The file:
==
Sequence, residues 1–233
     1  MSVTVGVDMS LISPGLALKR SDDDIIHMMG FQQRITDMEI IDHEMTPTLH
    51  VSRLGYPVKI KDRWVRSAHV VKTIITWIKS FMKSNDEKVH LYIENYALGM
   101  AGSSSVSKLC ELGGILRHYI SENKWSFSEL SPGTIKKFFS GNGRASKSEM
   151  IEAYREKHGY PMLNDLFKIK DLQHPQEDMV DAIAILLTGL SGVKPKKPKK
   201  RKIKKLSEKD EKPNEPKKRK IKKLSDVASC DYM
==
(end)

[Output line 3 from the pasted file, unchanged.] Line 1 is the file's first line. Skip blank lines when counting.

    51  VSRLGYPVKI KDRWVRSAHV VKTIITWIKS FMKSNDEKVH LYIENYALGM